The Singapore Cybersecurity Bill aims to establish a regime to prevent, manage, and respond to cybersecurity threats and incidents, and to regulate critical information infrastructure owners and cybersecurity providers, which could necessitate additional cybersecurity measures and testing.
The Singapore Parliament introduced the Cybersecurity Bill on 5 February, a draft of which was previously released for public consultation. The Ministry of Communications and Information (MCI) and the Cyber Security Agency of Singapore (CSA) had published a report based on feedback received from the public consultation exercise on 13 November 2017, and certain amendments were made to the draft Cybersecurity Bill to take such feedback into account. The Cybersecurity Bill was tabled in the Singapore Parliament for a first reading on 8 January before becoming law at the second reading later this month. The Cybersecurity Bill seeks to, among other things, establish a regime to prevent, manage, and respond to cybersecurity threats and incidents; regulate owners of critical information infrastructure (CII); and regulate cybersecurity service providers.
Key Features of the Cybersecurity Bill
Commissioner of Cybersecurity
The Commissioner of Cybersecurity has broad powers to administer the Cybersecurity Bill.
Critical Information Infrastructure
Computer systems directly involved in the provision of essential services are termed CII. The Commissioner has the power to designate a computer or computer system as CII for a period of five years if the Commissioner is satisfied that (1) such computer or computer system is necessary for the continuous delivery of an essential service, the loss or compromise of which will have a debilitating effect on the availability of the essential service in Singapore; and (2) such computer or computer system is located wholly or partly in Singapore.
An “essential service” is defined as any service essential to the national security, defence, foreign relations, economy, public health, public safety, or public order of Singapore and which is expressly in the First Schedule of the Cybersecurity Bill.
The CII designation will be effective for a period of five years unless it is withdrawn by the Commissioner before such period expires.
Designation of CII Owners
CII owners will be given an opportunity to submit representations or to appeal against a CII designation. The Cybersecurity Bill allows for a person who receives a notice of designation to request for the Commissioner to amend the notice and address it to another person who has effective control over the CII (the Controller) by evidencing that the recipient of the notice of designation is not able to comply with the relevant requirements of the Cybersecurity Bill, as such person has neither effective control over the CII’s operations nor the ability or right to carry out changes to the CII, unlike the Controller. If the Commissioner addresses and sends an amended notice to the Controller, the Controller will be subject to the relevant requirements of the Cybersecurity Bill during the period when the notice is in effect, as if the Controller were the CII owner.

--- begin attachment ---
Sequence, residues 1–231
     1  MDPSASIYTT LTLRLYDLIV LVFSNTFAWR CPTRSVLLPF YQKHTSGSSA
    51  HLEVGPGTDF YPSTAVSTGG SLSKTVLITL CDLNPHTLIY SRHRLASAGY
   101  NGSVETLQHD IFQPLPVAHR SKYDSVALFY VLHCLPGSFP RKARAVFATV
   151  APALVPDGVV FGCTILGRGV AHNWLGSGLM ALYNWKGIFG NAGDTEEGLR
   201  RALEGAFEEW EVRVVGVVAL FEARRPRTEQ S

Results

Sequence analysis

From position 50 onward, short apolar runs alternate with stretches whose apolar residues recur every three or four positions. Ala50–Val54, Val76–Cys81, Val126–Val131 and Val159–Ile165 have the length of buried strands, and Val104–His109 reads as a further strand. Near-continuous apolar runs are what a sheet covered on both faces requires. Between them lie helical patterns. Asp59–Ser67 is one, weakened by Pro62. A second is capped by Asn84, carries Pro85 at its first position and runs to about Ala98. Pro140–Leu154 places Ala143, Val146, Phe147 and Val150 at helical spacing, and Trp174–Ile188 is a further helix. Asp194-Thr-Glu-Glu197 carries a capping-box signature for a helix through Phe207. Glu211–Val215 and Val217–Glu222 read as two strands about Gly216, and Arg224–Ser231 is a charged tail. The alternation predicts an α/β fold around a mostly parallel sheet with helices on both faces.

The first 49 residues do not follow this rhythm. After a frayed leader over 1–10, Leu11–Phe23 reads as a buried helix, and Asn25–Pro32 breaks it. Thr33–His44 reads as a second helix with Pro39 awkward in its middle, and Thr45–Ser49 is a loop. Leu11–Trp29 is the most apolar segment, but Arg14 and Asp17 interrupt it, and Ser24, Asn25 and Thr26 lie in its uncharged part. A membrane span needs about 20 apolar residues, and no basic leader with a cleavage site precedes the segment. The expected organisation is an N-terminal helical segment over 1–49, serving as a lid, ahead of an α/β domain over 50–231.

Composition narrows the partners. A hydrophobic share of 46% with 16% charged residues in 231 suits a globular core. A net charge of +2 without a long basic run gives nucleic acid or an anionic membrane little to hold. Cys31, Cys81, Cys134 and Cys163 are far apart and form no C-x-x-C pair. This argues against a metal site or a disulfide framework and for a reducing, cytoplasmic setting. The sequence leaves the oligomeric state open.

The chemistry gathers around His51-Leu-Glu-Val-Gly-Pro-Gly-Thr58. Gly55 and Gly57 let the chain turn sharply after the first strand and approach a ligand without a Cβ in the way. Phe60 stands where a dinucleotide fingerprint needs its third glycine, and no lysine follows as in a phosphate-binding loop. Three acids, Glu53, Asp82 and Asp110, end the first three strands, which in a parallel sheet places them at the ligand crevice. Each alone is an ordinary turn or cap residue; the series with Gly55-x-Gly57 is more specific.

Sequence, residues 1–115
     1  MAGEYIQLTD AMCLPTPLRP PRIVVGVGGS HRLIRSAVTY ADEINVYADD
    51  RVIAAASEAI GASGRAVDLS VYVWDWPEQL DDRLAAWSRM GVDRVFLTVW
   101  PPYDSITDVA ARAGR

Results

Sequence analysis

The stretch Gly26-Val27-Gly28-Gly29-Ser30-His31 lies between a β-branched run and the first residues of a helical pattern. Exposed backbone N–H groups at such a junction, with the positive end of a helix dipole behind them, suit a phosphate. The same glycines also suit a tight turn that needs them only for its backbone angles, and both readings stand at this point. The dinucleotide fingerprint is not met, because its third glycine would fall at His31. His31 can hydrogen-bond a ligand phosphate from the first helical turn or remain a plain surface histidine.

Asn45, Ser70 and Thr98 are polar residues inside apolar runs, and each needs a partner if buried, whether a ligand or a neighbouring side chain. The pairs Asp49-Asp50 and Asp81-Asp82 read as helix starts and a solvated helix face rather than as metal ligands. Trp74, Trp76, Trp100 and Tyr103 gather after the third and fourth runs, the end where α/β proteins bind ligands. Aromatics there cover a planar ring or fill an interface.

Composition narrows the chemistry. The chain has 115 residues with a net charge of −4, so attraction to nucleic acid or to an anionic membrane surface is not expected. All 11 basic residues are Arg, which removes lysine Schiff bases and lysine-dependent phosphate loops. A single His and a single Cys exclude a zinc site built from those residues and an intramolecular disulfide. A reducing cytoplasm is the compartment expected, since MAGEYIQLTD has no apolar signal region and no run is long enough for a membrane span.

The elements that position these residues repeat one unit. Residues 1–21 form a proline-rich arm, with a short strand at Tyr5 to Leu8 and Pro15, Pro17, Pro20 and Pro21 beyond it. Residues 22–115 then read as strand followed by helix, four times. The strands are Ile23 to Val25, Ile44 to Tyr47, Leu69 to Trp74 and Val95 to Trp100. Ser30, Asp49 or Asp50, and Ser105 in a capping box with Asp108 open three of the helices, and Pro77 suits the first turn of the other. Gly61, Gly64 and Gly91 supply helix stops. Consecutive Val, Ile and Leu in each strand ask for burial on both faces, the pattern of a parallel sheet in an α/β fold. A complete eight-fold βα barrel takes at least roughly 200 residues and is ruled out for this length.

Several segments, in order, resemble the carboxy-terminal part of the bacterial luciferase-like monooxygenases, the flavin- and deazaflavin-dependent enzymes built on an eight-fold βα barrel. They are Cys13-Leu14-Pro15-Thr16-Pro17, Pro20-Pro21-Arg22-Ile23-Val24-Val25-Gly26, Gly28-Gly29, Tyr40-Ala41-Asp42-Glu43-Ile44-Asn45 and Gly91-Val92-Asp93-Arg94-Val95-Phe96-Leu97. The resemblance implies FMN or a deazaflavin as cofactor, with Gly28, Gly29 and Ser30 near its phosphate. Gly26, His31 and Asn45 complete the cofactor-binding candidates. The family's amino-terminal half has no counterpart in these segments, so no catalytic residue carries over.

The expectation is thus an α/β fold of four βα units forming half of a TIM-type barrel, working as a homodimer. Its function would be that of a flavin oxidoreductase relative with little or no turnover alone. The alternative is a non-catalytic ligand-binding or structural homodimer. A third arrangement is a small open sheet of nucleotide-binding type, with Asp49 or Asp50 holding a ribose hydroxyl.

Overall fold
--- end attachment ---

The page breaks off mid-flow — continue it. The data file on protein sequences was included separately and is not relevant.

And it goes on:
Duties of CII Owners
The owners of CII (whether from the public or the private sector) are subject to various duties to ensure the cybersecurity of their CII, including but not limited to
- complying with codes of practice and standards of performance;
- complying with the written directions of the Commissioner;
- informing the Commissioner of any change in beneficial or legal ownership of the CII no later than seven days after the change in ownership;
- reporting cybersecurity incidents in respect of the CII and establishing mechanisms and processes for the purposes of detecting cybersecurity threats and incidents as set out in any applicable code of practice;
- conducting cybersecurity audits of the CII at least once every two years (or at such higher frequency as may be directed by the Commissioner) by an auditor approved or appointed by the Commissioner;
- conducting cybersecurity risk assessments of the CII at least once a year; and
- participating in cybersecurity exercises.
The Commissioner has powers to investigate and prevent serious cybersecurity threats or incidents and may direct any person by written notice to carry out such remedial measures, or to cease carrying on such activities.
Only providers of managed security operations centre (SOC) monitoring services and penetration testing services are required to be licensed under the Cybersecurity Bill.
Potential CII owners and members of the cybersecurity industry should take note of the provisions of the Cybersecurity Bill. Organisations with computers or computer systems that are designated as CII will be notified in writing. If you are providing an “essential service” in Singapore and have been, or are likely to be, designated as a CII owner, you may wish to consider your upcoming obligations under the Cybersecurity Bill, which may require you to implement added cybersecurity measures, including setting up network perimeter defence devices such as firewalls, or performing regular vulnerability scanning of computer systems to identify potential loopholes. It is also expected that specific codes of practice will be issued to provide guidance on the actions required for compliance with the Cybersecurity Bill.